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James Hubert
James Hubert

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Project 93 of 100 - Counter App in React Native

Hey! I'm on a mission to make 100 React.js projects. Please follow my profile or my twitter for updates and feel free to reach out if you have questions. Thanks for your support!

Link to the repo: github

Ok, I know this is a simple one. But the fact is that almost everyone builds a counter application when they're first learning a new language or technology.

Today's project just counts. That's it. It starts at 0 and there's a plus button and a minus button, and some text printed out on the screen shows the count, and it's updated as we press the buttons.

This is an easy project to do but important because it's a real introduction to state management, which ends up being one of the most complex parts of front end development in large applications.

To start, we initialize a new React Native project by going to your Terminal or command line and running expo init reactNativeCounterApp (that's what I'm calling mine- you can call yours whatever you want).

When that creates the project, we can open it up in your favorite code editor. In the App file, clear out the template code and then add Button to the components destructured out of the React Native import. You should also import useState from 'react' because that's what we're going to use to keep track of state in this app. Your imports should look like this:

import { useState } from 'react';
import { Button, StyleSheet, Text, View } from 'react-native';
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Next go ahead and initialize useState to 0 with named variables counter and setCounter array-destructured out. Anyone who's familiar with React (you should be if you're trying to learn React Native) will know this is a standard state management hook included with React for functional components. So your useState should be initialized like so just inside your App component:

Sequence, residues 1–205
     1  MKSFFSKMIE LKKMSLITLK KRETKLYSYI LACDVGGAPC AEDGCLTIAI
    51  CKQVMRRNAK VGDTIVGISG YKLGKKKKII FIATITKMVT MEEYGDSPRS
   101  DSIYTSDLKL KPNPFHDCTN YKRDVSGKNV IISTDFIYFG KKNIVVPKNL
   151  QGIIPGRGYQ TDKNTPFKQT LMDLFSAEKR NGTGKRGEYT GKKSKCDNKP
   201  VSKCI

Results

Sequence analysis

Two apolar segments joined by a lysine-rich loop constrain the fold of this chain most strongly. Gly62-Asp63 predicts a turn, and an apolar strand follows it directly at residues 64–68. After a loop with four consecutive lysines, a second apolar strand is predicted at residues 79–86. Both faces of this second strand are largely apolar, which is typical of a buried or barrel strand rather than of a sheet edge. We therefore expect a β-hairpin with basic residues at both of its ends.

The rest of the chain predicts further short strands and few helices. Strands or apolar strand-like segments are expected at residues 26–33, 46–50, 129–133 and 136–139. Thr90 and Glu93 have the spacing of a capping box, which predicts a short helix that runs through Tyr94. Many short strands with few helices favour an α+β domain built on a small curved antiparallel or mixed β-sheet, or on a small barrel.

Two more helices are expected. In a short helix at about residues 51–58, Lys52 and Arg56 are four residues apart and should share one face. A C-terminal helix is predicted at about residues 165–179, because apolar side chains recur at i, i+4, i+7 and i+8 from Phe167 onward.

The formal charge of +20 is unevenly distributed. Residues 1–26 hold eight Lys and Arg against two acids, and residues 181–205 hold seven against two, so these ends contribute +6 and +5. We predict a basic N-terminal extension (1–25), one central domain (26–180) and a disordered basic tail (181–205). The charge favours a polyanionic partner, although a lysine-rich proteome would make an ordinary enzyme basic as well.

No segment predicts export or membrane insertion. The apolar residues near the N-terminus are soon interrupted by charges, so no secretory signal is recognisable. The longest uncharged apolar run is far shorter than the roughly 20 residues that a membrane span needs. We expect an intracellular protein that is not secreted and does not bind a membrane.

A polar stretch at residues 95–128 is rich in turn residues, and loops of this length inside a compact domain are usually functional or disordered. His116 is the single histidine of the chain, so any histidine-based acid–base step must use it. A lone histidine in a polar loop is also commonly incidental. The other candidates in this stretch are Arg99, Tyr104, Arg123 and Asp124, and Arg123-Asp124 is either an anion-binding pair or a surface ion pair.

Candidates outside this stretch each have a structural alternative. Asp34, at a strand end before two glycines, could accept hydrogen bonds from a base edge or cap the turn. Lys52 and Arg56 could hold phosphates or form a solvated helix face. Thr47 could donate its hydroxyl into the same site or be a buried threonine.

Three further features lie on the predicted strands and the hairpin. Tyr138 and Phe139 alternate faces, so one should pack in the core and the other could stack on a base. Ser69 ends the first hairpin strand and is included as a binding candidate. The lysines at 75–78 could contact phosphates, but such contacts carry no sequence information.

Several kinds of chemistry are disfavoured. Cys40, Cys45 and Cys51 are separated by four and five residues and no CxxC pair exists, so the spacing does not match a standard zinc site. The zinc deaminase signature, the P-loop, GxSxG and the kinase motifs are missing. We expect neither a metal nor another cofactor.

export default function App() {
  const [ counter, setCounter ] = useState(0);
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Next write a <Text></Text> component in the JSX somewhere. In between the brackets declare the counter variable. Below this add two Button components. These are React Native primitive components that are meant to be as simple of a button as can be, but they work. You should give each button a title prop to display why they're there. I gave mine titles of "+" and "-" to show that they're going to be adding and subtracting, respectively.

Next, give each button an onPress prop. This is where the only real logic happens in our application, because it's where we will change our counter value held in the component's state.

For the add button with a title of "+" go ahead and pass an anonymous function. In the function, we want to use the setCounter method we created earlier. As you should know, we aren't supposed to try to change counter itself, but we can use it in setCounter() and just add 1 to the existing counter value.

For the subtract button, you'll want to do the same but subtract 1 from counter rather than add. Those two buttons should now look something like this in your template:

<Button title="+" onPress={ ()=> setCounter( counter + 1 ) } />
<Button title="-" onPress={ ()=> setCounter( counter - 1 ) } />
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You now have all of the guts necessary to make your counter application work and it should. So give it a shot!

Mine... is not a work of sheer beauty or anything, but it does the job. Hey, now we can safely say we're well on our way to learning React Native... because we've just finished one of the major milestones in learning any new technology ;)

Can you make yours look better? Give it a shot!

Preview of basic counter application

If you like projects like this and want to stay up to date with more, check out my Twitter @jwhubert91, I follow back! See you tomorrow for another project.

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